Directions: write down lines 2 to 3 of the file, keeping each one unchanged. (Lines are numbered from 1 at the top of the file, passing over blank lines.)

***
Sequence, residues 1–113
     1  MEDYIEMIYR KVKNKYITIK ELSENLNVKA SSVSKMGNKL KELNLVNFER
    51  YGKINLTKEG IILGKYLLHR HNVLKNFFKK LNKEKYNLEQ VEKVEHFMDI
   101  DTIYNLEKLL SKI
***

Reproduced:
     1  MEDYIEMIYR KVKNKYITIK ELSENLNVKA SSVSKMGNKL KELNLVNFER
    51  YGKINLTKEG IILGKYLLHR HNVLKNFFKK LNKEKYNLEQ VEKVEHFMDI